Community exposure to Aircraft Noise can be both measured and modeled. Modeling (i.e., prediction) of Noise exposure is unavoidable in prospective applications, such as disclosure of the impacts of proposed airport infrastructure construction, since Noise that has not yet been created cannot be directly measured. Measurement is more useful for retrospective purposes, such as monitoring and reporting of Noise created by ongoing airport operations, and also for Aircraft Noise certification, per FAR Part 36.

  • Review of field studies of Aircraft Noise-induced sleep disturbance
    The Journal of the Acoustical Society of America, 2007
    Co-Authors: David S. Michaud, Sanford Fidell, Karl S. Pearsons, Kenneth C. Campbell, Stephen E. Keith
    Abstract:

    Aircraft Noise-induced sleep disturbance (AN-ISD) is potentially among the more serious effects of Aircraft Noise on people. This literature review of recent field studies of AN-ISD finds that reliable generalization of findings to population-level effects is complicated by individual differences among subjects, methodological and analytic differences among studies, and predictive relationships that account for only a small fraction of the variance in the relationship between Noise exposure and sleep disturbance. It is nonetheless apparent in the studied circumstances of residential exposure that sleep disturbance effects of nighttime Aircraft Noise intrusions are not dramatic on a per-event basis, and that linkages between outdoor Aircraft Noise exposure and sleep disturbance are tenuous. It is also apparent that AN-ISD occurs more often during later than earlier parts of the night; that indoor sound levels are more closely associated with sleep disturbance than outdoor measures; and that spontaneous awakenings, or awakenings attributable to nonAircraft indoor Noises, occur more often than awakenings attributed to Aircraft Noise. Predictions of sleep disturbance due to Aircraft Noise should not be based on over-simplifications of the findings of the reviewed studies, and these reports should be treated with caution in developing regulatory policy for Aircraft Noise.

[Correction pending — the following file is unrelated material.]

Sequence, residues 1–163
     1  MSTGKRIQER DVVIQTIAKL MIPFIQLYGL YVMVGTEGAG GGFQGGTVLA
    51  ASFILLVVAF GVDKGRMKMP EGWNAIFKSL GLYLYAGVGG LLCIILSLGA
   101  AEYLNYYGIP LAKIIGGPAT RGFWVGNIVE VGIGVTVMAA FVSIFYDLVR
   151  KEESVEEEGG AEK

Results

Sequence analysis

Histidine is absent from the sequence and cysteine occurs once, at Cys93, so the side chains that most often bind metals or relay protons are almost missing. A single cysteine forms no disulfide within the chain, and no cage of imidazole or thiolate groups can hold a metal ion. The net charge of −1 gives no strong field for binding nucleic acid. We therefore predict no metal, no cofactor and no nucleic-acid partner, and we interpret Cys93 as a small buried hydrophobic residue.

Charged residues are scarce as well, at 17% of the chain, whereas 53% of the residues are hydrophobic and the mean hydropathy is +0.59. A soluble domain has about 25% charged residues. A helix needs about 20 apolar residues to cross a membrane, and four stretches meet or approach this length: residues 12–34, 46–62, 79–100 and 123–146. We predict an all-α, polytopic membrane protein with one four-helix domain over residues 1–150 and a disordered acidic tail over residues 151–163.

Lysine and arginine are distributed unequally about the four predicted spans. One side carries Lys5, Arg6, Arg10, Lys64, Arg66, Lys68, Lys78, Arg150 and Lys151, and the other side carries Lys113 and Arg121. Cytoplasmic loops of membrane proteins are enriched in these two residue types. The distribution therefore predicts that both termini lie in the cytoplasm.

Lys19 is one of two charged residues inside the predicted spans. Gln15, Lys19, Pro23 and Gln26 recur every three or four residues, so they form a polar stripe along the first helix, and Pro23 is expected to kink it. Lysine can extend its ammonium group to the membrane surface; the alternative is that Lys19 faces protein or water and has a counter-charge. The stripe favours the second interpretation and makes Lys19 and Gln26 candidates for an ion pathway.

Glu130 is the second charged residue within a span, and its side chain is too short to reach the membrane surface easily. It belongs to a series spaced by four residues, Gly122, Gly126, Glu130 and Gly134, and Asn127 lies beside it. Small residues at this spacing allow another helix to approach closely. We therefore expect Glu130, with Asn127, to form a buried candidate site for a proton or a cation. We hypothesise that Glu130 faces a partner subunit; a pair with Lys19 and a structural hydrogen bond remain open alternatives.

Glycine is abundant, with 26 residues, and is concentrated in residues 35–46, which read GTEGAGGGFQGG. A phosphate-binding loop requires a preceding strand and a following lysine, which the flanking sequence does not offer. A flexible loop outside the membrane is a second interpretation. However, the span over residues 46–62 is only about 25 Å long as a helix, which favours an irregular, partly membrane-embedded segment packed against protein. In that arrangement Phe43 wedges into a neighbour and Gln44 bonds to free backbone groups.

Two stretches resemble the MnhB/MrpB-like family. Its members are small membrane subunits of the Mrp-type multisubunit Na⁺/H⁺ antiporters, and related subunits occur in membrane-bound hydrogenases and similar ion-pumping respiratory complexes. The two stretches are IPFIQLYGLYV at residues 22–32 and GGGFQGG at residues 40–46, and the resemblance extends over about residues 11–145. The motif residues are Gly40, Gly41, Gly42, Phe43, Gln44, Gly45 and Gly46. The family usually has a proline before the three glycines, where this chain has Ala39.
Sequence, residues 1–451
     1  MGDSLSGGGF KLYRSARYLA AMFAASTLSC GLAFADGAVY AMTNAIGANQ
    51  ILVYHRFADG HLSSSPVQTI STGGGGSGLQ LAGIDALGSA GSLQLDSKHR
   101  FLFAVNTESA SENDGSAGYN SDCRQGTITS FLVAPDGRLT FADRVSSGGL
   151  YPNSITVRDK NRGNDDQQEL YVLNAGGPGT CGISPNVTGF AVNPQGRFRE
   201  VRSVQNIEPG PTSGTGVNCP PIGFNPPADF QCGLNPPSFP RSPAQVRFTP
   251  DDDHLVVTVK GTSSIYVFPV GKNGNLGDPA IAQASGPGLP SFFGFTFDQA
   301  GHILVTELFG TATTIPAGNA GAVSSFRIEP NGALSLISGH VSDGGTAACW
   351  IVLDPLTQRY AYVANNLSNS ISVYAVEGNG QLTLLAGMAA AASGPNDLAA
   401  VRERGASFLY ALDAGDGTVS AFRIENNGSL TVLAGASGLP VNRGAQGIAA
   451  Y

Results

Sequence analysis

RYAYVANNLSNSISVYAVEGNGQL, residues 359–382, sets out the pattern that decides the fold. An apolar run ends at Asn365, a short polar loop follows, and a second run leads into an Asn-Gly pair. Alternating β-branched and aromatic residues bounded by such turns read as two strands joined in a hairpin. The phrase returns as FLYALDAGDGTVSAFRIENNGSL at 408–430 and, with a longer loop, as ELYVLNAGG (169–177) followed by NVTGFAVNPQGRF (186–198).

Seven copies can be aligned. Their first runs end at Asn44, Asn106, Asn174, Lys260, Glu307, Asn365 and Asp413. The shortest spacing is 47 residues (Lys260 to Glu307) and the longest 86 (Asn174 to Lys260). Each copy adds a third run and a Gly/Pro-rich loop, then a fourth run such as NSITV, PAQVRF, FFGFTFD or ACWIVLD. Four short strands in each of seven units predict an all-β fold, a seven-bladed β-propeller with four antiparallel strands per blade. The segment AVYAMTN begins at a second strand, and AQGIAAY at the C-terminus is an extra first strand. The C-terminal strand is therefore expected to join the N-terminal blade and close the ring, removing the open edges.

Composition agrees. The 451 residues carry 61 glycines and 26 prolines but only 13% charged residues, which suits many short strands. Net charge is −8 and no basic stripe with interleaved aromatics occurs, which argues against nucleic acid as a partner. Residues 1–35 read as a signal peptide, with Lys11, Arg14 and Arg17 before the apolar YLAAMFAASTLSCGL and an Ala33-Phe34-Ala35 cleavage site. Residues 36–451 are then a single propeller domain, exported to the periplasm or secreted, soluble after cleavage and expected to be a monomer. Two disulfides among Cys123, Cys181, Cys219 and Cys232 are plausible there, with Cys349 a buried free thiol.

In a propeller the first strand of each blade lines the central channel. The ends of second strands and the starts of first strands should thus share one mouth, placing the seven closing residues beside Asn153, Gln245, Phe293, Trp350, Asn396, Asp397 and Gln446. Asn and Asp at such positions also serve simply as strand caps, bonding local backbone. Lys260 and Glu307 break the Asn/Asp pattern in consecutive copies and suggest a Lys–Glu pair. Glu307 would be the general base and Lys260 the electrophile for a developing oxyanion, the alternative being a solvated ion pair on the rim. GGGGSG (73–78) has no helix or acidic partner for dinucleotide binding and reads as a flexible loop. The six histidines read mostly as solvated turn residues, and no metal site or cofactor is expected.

• Error of estimation of community reaction to Aircraft Noise
    The Journal of the Acoustical Society of America, 2005
    Co-Authors: Sanford Fidell
    Abstract:

    Errors and uncertainties of measurement, estimation, and prediction of Aircraft Noise exposure and of community reaction to it can be so great as to render dosage‐effect analyses of community response to Aircraft Noise unreliable. Biases and other errors may arise during routine monitoring of Aircraft Noise, via oversimplification and misrepresentation of exposure and sound propagation conditions in predictive Noise modeling, through sampling and interviewing procedures, and from poor statistical association in functional relationships between community response and acoustic predictor variables. Some of the more notable uncertainties afflicting the prediction of Aircraft Noise and its effects are described in this presentation.